Wednesday, December 07, 2011

"Giving people advice on how to get to Heaven" - GW Catholic

This week, one of our student leaders told the story of how she did some evangelizing in one of her classes. Btw, this is not the first time that a GW Catholic has courageously spoken up in class to either defend the Church or to clarify a teaching or both. I’ve heard of several instances of GW professors attacking the Church in class – the latest being a prof who stopped a class on the New Testament to ask, “For any Catholics here, where is the teaching on ‘Purgatory’ in the Bible?” (to which I would have replied, “Maccabees, Paul’s letters, Peter’s letters…and, professor, where does it say in the Bible that we only follow what’s in the Bible?"). Speaking of which, a couple years ago, a GW Catholic freshman brought in a pamphlet from the Newman Center on Heaven, Hell, and Purgatory and shared the main points from it out loud with her class…! The Catholic professor (there are some good profs here) told me about it and was very impressed…apparently, so were the other students in the class.

So, in this student leader’s class, the discussion focused on St. Augustine. The point was raised that St. Augustine was critical of people (e.g., heretics). And, the question was then posed, how can he be a man of love and a saint if he is critical of people. That’s when the leader raised her hand and said some incredible things. Now, keep in mind that this student starting coming around Newman last year, and admits it was only for the “free food”. She has had quite a year, to say the least. She now comes for more substantial food – spiritual food – and leads others to do so.

The first thing she said was that St. Augustine was “giving people advice on how to get to Heaven”. Whoa, great line. She defended him as a teacher who was trying to help people know and live the Truth. I heard her amazing line and was visibly moved by it. Another student witnessed my reaction and said, “there’s more”. The student then laid out her main teaching to the class which I will paraphrase. She said that to be a person of love means to correct people when you notice something wrong in what they are saying or doing. She gave the example of someone who has a piece of food in their teeth which is visible to others. If you love the person, then you will tell him or her about it. If you love someone, she proclaimed, then you will tell them when they are in the wrong. Bravo!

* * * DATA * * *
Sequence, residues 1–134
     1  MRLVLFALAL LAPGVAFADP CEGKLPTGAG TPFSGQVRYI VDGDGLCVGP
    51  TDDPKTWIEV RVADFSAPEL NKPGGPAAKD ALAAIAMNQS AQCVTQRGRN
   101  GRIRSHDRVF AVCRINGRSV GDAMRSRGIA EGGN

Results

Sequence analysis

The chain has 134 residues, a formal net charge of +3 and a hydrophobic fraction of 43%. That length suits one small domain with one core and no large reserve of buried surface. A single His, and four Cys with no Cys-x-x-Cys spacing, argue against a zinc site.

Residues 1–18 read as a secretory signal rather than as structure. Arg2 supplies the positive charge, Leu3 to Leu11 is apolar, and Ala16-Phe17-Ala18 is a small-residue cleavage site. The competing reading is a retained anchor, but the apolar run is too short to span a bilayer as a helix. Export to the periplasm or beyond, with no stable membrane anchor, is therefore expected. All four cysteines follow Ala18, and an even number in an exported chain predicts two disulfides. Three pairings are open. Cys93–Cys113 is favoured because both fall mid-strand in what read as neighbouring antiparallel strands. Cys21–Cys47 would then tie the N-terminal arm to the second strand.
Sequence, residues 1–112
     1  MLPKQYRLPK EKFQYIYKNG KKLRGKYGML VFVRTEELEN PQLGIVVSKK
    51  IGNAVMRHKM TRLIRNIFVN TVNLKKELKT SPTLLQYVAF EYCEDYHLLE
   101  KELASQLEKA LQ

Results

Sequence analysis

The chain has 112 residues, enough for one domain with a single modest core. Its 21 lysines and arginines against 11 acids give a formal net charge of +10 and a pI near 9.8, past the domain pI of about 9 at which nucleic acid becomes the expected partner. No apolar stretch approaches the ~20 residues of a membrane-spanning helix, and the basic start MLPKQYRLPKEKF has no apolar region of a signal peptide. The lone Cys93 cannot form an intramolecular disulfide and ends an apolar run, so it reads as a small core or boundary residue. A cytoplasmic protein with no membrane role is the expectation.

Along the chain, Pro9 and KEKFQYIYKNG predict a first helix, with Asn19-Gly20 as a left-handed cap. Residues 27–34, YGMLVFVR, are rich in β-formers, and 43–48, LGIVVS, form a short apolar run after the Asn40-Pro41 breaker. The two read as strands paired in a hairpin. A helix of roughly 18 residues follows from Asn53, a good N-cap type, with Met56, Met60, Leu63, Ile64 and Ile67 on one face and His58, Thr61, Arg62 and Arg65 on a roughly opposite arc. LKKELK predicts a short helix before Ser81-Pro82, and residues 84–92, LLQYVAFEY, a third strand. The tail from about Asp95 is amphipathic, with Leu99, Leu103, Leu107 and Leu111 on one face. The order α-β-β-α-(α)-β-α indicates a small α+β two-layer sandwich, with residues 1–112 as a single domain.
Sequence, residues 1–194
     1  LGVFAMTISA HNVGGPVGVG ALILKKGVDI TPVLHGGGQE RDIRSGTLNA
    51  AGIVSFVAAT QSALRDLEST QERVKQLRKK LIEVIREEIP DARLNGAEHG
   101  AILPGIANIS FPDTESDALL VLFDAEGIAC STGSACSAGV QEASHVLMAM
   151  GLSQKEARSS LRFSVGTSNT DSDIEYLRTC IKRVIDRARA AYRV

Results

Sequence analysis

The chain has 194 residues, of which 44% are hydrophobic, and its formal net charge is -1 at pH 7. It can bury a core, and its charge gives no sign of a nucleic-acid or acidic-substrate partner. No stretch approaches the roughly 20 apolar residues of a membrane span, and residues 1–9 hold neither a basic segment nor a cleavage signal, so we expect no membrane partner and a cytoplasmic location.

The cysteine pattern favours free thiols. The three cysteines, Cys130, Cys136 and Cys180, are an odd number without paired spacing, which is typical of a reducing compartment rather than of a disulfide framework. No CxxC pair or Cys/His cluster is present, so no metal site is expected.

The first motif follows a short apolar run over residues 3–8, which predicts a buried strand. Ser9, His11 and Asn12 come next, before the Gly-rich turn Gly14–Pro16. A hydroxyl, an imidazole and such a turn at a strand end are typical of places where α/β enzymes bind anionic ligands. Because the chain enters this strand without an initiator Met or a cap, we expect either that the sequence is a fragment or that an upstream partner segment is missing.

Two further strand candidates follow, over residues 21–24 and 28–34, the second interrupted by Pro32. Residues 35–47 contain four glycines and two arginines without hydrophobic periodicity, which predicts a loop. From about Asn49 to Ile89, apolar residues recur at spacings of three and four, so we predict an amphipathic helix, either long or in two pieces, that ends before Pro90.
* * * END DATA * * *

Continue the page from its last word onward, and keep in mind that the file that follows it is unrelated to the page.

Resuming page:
Bravo for many reasons, the first of which is the courage to say all of this in a college classroom in front of peers. Also, what she said is solid Catholic teaching about fraternal correction based in what Christ taught (Mt 18:15-17). It comes under the heading of the “works of mercy” as defined by the Church:

Corporal works of mercy:

• To feed the hungry;
• To give drink to the thirsty;
• To clothe the naked;
• To harbour the harbourless;
• To visit the sick;
• To ransom the captive;
• To bury the dead.

Spiritual works of mercy:

• To instruct the ignorant;
• To counsel the doubtful;
• To admonish sinners;
• To bear wrongs patiently;
• To forgive offences willingly;
• To comfort the afflicted;
• To pray for the living and the dead.

So, she not only defended St. Augustine correctly, she defended love and mercy. She performed a spiritual work of mercy in her class by instructing others!

A plea to all GW Catholics based on all of this – if a friend of yours is in the wrong about something, speak to him or her directly about it. Speak the truth in love to them – to their face and not behind their backs. It is the adult thing to do. It is the Christian thing to do. As Jesus says, if he or she won’t listen to you, then bring it to the Church. Love calls you to speak to them about it. Mercy calls you to speak to them about it.

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